A biography of Sally Ride, America's first female astronaut, will be published in 2013, Simon & Schuster announced Tuesday. Ride died at age 61 of pancreatic cancer just eight days ago. The as-yet-untitled book will be written by journalist Lynn Sherr, who spent more than 30 years with ABC News, covered the space shuttle program for ABC from 1981 to 1986 and got to know Ride through her work. Ride was not recruited to be an astronaut - she was one of 8,300 people who answered a want ad. After leaving the space program, Ride became involved in encouraging young women to study science.
BUSINESS
March 15, 2012 | By W.J. Hennigan, Los Angeles Times
Pratt & Whitney Rocketdyne, the rocket engine manufacturing business in the San Fernando Valley that helped pioneer space exploration in the 1960s, is officially up for sale by its parent company. With headquarters in Canoga Park, Rocketdyne builds rocket engines at a sprawling 47-acre facility near the Westfield Topanga shopping mall. The company is perhaps best known as the maker of the space shuttles' main rocket engines. But it also develops engines for military rockets and missiles.
ENTERTAINMENT
September 1, 2011 | By Rebecca Keegan, Los Angeles Times
A cracked cosmonaut helmet, footsteps in the moon dust, a mysterious flash of light outside a spaceship window — these are some of the images the Weinstein Co. has released from "Apollo 18," a documentary-style sci-fi thriller opening Friday that the studio is marketing as a movie culled from "found footage" from a U.S. space mission. "In 1972, the United States sent two astronauts on a secret mission to the moon," the trailer says. "Despite decades of denial by NASA and the Department of Defense, classified footage of the mission was leaked to the media.
ENTERTAINMENT
July 21, 2011
NASA fans distraught over the end of the space shuttle program may find a bit of solace in the presentation "Apollo 15 + 40 Years: Serious Science on the Moon," which chronicles the fourth manned lunar landing, in 1971, through video and photographs. John Drescher Planetarium, Santa Monica College, 1900 Pico Blvd., Santa Monica. 8 p.m. Fri. $5 general admission, $4 seniors and children. (310) 434-3005. http://www.smc.edu/planetarium.
OPINION
July 16, 2011
L.A.'s water visionary Re "Mulholland's Los Angeles," Editorial, July 10 Though he was a poor geologist (the St. Francis Dam disaster), William Mulholland's environmental legacy is remarkably positive. His 220-mile-long aqueduct is an engineering masterpiece, entirely gravity-fed. It produces hydroelectric power. Contrast this with the California State Water Project of the1970s, which expends more energy than any single operation in California to pump water over the Tehachapi Mountains.
OPINION
July 10, 2011 | By George Alexander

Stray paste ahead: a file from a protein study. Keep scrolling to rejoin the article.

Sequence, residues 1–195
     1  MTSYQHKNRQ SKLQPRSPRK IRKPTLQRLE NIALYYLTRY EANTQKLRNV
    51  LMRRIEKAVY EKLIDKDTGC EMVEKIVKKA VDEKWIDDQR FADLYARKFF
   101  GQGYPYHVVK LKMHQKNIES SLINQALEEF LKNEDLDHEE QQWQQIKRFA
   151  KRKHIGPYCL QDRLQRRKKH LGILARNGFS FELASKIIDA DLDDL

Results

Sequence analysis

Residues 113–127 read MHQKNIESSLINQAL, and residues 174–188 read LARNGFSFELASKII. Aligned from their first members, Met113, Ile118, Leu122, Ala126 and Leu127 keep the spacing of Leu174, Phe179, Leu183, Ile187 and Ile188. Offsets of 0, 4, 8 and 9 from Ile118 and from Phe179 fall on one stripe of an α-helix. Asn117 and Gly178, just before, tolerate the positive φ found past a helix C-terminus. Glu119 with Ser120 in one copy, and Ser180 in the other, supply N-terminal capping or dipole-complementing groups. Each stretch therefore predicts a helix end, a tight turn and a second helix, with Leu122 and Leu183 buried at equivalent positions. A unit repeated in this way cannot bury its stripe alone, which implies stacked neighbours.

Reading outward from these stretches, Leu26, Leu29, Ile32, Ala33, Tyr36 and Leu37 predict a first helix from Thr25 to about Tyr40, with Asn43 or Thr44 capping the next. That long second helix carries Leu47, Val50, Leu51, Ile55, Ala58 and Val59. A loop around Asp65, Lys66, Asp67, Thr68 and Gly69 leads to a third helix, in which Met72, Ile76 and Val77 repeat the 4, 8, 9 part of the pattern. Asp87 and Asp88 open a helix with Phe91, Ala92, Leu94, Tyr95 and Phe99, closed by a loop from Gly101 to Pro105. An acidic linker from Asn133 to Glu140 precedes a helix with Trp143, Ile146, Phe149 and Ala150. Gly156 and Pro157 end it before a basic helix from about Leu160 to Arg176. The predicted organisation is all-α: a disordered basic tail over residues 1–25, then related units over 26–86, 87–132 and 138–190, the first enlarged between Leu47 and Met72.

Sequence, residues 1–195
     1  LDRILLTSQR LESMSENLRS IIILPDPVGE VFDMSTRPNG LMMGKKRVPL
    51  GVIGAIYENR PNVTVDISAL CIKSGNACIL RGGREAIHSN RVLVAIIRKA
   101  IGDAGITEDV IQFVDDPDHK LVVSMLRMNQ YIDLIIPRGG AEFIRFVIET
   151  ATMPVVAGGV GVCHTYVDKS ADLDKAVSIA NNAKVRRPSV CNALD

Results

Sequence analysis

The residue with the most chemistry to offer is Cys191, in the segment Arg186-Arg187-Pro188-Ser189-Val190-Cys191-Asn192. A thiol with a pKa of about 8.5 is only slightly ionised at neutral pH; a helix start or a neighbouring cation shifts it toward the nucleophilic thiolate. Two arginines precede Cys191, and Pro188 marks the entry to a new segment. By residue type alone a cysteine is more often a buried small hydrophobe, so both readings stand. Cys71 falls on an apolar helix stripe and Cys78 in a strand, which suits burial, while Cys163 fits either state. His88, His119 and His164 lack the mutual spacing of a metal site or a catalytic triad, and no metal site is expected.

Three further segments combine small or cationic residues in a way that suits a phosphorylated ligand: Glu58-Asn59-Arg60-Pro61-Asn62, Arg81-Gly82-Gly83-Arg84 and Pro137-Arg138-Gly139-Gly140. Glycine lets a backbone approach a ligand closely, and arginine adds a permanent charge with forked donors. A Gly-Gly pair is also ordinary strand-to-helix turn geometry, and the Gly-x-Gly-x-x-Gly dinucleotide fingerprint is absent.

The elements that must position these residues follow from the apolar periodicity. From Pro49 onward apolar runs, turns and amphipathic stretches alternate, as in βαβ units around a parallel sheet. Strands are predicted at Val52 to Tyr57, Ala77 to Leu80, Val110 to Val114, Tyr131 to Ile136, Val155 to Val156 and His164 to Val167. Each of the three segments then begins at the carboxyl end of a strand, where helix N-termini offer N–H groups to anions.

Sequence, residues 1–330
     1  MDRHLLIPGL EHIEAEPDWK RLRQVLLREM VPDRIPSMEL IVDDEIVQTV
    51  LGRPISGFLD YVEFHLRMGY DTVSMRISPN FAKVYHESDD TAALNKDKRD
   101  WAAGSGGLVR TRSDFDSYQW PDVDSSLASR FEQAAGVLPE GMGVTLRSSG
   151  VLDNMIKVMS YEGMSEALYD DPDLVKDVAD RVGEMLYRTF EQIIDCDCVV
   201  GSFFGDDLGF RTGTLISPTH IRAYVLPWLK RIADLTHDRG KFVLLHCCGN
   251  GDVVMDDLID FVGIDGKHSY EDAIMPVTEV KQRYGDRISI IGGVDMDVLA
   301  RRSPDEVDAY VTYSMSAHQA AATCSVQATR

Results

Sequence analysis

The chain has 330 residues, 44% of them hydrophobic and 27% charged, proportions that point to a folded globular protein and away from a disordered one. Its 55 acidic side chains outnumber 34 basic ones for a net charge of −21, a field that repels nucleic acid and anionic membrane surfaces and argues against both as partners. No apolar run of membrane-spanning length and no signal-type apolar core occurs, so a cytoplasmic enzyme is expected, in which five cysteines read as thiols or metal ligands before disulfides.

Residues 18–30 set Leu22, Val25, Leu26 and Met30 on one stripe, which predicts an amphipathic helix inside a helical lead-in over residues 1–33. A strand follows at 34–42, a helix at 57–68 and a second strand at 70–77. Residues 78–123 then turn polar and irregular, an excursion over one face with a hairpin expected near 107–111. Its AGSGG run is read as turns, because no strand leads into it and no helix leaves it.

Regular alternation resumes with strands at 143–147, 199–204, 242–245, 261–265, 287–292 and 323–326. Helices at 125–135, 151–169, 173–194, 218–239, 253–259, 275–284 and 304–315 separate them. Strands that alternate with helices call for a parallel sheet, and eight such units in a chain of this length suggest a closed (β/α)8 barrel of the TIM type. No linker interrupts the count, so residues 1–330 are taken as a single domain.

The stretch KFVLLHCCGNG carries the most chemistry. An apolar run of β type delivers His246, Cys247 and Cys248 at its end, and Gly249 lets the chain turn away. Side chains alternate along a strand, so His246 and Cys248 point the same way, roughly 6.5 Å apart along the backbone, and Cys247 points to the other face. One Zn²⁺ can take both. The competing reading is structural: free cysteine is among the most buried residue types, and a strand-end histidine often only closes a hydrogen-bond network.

I began covering the space shuttle project in 1972, soon after President Nixon authorized it. I had recently joined this newspaper as a science writer. And the country was enthusiastic about the idea of a reusable spacecraft, which was expected to be sturdy, economical and reliable. The shuttle turned out to be neither economical nor sturdy, and its reliability has been wobbly. But as I watched the shuttle Atlantis blast off into space on what will be the 135th and final space shuttle mission, I found myself feeling a bit nostalgic.
NEWS
March 29, 1996 | Associated Press
Wilbur Trafton, director of NASA's space station program for two years, on Thursday was put in charge of the space shuttle program as well. He was named associate administrator for the Office of Space Flight.
ENTERTAINMENT
September 1, 2011 | By Rebecca Keegan, Los Angeles Times
A cracked cosmonaut helmet, footsteps in the moon dust, a mysterious flash of light outside a spaceship window — these are some of the images the Weinstein Co. has released from "Apollo 18," a documentary-style sci-fi thriller opening Friday that the studio is marketing as a movie culled from "found footage" from a U.S. space mission. "In 1972, the United States sent two astronauts on a secret mission to the moon," the trailer says. "Despite decades of denial by NASA and the Department of Defense, classified footage of the mission was leaked to the media.
NATIONAL
July 8, 2011 | By Ralph Vartabedian and W.J. Hennigan, Los Angeles Times
Reporting from Cape Canaveral, Fla. Atlantis lifted off Friday morning, shooting straight into a brightening sky on a 12-day mission that marks the end of the nation's three-decade space shuttle program. There was a brief hold in the countdown at 31 seconds because of a glitch seemingly involving a piece of retractable equipment. As millions of onlookers on the ground and via television held their breaths, officials checked and reported that the equipment had, indeed, been moved.
BUSINESS
July 5, 2011 | By W.J. Hennigan, Los Angeles Times
Bob Kahl slips in through a side door of the vast, abandoned hangar and looks at what's left of the assembly plant where he worked for nearly 40 years. He remembers the hum of power tools, the biting aroma of cutting oil, swarms of workers plugging away on a labyrinth of yellow scaffolding. All that's left is a few piles of broken concrete and a sea of colorless dust that coats a Palmdale factory floor the size of two football fields. "Welcome to the birthplace of America's space shuttle fleet," said Kahl, 60, smiling.